Foreign direct investment, institutional development, and environmental externalities: Evidence from China

Danny T. Wang, Wendy Y. Chen*

*Corresponding author for this work

    Research output: Contribution to journalJournal articlepeer-review

    124 Citations (Scopus)
    43 Downloads (Pure)


    The question of how foreign direct investment (FDI) affects a host country's natural environment has generated much debate but little consensus. Building on an institution-based theory, this article examines how the institutional development of a host setting affects the degree of FDI-related environmental externalities in China (specifically, industrial sulfur dioxide emissions). With a panel data set of 287 Chinese cities, over the period 2002-2009, this study reveals that FDI in general induces negative environmental externalities. Investments from OECD countries increase sulfur dioxide emissions, whereas FDI from Hong Kong, Macau, and Taiwan shows no significant effect. Institutional development reduces the impacts of FDI across the board. By focusing on the moderating role of institutions, this study sheds new light on the long-debated relationships among FDI, institutions, and the environments of the host countries.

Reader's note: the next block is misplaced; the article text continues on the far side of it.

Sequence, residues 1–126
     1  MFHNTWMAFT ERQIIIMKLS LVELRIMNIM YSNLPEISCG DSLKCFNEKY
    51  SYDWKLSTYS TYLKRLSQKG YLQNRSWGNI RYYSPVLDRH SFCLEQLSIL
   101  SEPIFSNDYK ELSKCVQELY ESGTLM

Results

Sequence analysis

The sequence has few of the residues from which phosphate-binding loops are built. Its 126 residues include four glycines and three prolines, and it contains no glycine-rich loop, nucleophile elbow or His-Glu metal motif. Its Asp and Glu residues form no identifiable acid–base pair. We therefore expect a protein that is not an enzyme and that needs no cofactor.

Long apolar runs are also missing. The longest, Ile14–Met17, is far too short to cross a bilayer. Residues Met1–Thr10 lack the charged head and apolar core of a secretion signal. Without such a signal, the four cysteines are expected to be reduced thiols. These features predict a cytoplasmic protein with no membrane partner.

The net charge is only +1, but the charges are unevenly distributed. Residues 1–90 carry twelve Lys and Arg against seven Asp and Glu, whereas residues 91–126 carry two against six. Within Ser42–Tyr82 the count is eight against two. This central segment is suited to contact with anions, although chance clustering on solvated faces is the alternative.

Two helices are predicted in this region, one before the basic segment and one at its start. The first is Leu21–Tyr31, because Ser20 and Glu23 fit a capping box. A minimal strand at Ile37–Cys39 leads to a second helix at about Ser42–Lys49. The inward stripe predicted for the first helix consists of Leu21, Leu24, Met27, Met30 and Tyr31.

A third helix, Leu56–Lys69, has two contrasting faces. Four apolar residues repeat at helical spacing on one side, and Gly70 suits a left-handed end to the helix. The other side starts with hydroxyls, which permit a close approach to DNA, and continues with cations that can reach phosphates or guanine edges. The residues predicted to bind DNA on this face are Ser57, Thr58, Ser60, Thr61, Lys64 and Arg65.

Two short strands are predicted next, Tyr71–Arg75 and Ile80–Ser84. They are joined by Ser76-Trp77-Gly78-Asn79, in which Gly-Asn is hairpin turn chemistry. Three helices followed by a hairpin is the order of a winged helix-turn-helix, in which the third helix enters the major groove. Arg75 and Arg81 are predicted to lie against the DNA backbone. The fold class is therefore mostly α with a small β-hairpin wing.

Original languageEnglish
    Pages (from-to)81-90
    Number of pages10
    JournalJournal of Environmental Management
    Publication statusPublished - 15 Mar 2014

    Scopus Subject Areas

    • Environmental Engineering
    • Waste Management and Disposal
    • Management, Monitoring, Policy and Law

    User-Defined Keywords

    • Foreign direct investment
    • Institutional development
    • Environmental externalities
    • Industrial sulfur dioxide emission
    • China


    Dive into the research topics of 'Foreign direct investment, institutional development, and environmental externalities: Evidence from China'. Together they form a unique fingerprint.

    Cite this